A June overhaul gave Facebook Ads Manager and Power Editor facelifts, as well as added functionality.

On the Power Editor side, this release offers a more logical interface, but also enhances bulk editing and advanced search capabilities.

power editor placeit imagea

The redesigned Power Editor has a more intuitive interface. Image: Placeit.

Ads Manager has a more streamlined feel, with performance metrics featured more prominently. Facebook said the update means “advertisers can quickly reference how their ads are performing in the same environment where they create and edit them.” Essentially, you now create your ads and manage them in one place.

What’s particularly awesome about this update is that you can bulk-edit the targeting and budgets for several ads at once and use the Create Similar option to duplicate ads and campaigns.

If you aren’t seeing these new features yet, don’t worry. They’re rolling out globally in the coming months.

#5: Ads Manager App Brings Campaign Management to Mobile

Small- and medium-sized advertisers rejoiced earlier this year when Facebook released the stand-alone Ads Manager app. You can now track ad performance, edit ads, revise budgets, adjust scheduling and create ads, right from the app. (You can download the app from the App Store or Google Play).

ads manager app in use placeit

The Ads Manager app enables you to create and manage ads from a mobile device. Image: Placeit.

The stand-alone app also lets you receive push notifications, save new ad drafts, create ads using photos from your phone and more.

Now, you can be as mobile as the people you’re trying to reach and not feel chained to a desktop computer to monitor your ad campaigns.

Look to See These Ad Formats in the Future

Prefill Form Fields with Lead Ads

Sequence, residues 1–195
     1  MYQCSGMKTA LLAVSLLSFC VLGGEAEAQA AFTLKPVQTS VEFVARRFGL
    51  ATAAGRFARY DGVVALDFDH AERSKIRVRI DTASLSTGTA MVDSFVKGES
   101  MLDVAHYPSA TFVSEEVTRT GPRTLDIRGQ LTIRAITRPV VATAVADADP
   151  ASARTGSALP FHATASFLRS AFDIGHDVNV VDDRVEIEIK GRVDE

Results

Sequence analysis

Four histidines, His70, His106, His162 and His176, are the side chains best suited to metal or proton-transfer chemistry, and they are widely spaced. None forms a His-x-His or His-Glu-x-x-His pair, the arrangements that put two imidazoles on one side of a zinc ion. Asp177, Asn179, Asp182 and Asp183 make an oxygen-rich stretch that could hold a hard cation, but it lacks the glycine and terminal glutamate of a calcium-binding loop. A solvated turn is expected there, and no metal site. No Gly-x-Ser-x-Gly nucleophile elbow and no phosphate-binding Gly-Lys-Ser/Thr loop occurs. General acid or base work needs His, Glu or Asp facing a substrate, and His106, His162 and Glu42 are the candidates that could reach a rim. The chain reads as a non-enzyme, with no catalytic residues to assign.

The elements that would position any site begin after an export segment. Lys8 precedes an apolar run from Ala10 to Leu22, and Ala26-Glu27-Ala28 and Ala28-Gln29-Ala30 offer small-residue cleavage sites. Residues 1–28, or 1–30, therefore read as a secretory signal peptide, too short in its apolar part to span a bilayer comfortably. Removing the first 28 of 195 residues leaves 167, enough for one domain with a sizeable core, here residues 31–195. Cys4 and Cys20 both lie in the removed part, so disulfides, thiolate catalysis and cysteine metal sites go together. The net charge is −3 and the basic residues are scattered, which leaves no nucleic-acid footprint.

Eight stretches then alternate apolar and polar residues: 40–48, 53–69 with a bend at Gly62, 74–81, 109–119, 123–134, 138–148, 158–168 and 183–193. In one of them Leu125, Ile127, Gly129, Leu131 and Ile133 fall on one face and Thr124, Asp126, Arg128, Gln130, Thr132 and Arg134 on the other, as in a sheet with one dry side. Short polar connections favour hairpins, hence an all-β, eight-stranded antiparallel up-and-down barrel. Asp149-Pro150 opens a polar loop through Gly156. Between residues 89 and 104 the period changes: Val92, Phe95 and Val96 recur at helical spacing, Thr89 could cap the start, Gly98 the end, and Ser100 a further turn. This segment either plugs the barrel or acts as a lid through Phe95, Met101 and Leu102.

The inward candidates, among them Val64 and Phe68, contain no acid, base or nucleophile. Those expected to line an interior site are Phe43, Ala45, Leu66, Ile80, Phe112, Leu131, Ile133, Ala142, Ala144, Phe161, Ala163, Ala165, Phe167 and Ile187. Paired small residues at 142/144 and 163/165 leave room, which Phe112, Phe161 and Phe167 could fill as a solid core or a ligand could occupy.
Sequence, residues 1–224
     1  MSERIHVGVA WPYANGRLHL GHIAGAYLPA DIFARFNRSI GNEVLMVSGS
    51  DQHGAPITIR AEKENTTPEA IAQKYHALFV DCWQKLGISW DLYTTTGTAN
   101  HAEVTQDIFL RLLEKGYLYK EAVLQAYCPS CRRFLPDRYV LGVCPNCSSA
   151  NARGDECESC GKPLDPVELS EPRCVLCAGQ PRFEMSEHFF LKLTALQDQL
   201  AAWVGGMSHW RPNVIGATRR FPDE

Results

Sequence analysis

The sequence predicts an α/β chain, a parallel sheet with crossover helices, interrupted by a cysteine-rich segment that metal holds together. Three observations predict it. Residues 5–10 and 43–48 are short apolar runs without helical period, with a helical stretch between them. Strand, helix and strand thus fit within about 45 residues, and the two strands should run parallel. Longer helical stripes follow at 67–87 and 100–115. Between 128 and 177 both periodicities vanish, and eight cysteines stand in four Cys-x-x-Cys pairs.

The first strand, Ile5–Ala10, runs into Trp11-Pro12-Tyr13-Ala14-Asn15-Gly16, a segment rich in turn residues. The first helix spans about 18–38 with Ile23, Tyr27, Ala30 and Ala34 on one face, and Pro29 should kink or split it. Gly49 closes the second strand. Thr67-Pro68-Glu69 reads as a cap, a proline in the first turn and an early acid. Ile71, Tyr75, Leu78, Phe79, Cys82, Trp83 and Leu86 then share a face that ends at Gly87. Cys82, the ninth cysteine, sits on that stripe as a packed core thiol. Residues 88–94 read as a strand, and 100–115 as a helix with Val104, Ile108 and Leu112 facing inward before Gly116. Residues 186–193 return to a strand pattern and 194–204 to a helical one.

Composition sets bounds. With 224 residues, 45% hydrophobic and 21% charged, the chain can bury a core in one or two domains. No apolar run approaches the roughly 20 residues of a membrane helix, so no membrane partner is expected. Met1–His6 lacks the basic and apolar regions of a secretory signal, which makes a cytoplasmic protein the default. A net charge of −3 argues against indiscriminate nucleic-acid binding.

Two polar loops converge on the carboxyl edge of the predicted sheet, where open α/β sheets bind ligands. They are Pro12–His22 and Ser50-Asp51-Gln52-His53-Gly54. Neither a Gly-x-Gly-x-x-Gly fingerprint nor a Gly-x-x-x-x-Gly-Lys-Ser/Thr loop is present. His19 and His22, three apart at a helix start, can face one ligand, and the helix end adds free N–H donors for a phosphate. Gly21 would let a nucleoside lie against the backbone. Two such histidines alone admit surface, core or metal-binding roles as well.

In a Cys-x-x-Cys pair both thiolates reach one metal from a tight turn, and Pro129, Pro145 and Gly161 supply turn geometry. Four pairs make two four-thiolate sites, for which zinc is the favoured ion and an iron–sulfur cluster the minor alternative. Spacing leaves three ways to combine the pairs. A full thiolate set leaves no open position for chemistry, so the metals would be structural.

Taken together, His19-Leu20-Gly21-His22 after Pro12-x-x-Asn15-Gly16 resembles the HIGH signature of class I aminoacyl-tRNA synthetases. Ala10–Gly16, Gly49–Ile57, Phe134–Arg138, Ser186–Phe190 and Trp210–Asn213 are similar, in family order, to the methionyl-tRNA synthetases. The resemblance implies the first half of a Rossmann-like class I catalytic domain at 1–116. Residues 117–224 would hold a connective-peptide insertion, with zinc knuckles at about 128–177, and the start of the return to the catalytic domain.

This summer, Facebook announced they’re testing a new mobile ad format called lead ads. These ads auto-populate some form fields on mobile devices using information that’s already known about the person. This makes the submission process much easier, as the user can just verify the accuracy of the information and click through.

facebook lead ad example

Lead ads make it easier for people to fill out forms on mobile devices.

Lead ads might be a good option if you want people to sign up for your company’s newsletter, request a follow-up phone call or receive a price estimate. Once you get in front of motivated consumers on their mobile devices, you don’t want to risk losing them by asking them to type in a bunch of information.

Facebook has promised to share the results of their early testing.

Design Immersive Mobile Ads

This summer at Cannes Lions (an annual ad industry festival), Facebook gave a sneak peek at an immersive mobile ad format they’re working on.

Basically, the ad takes over the screen when a user clicks it in his or her news feed. When it expands to full screen, the ad becomes a browsable microsite, but it keeps the user within the Facebook ecosystem.

This ad format will demand a great deal of creative and will probably suit larger brands, at least in its early days.

What do you think? Have you used any of these newer ad products? What are you hoping to see from the Facebook ads team before the end of 2015? Share your wish list in the comments.

Facebook Power Editor and Ads Manager images created with Placeit.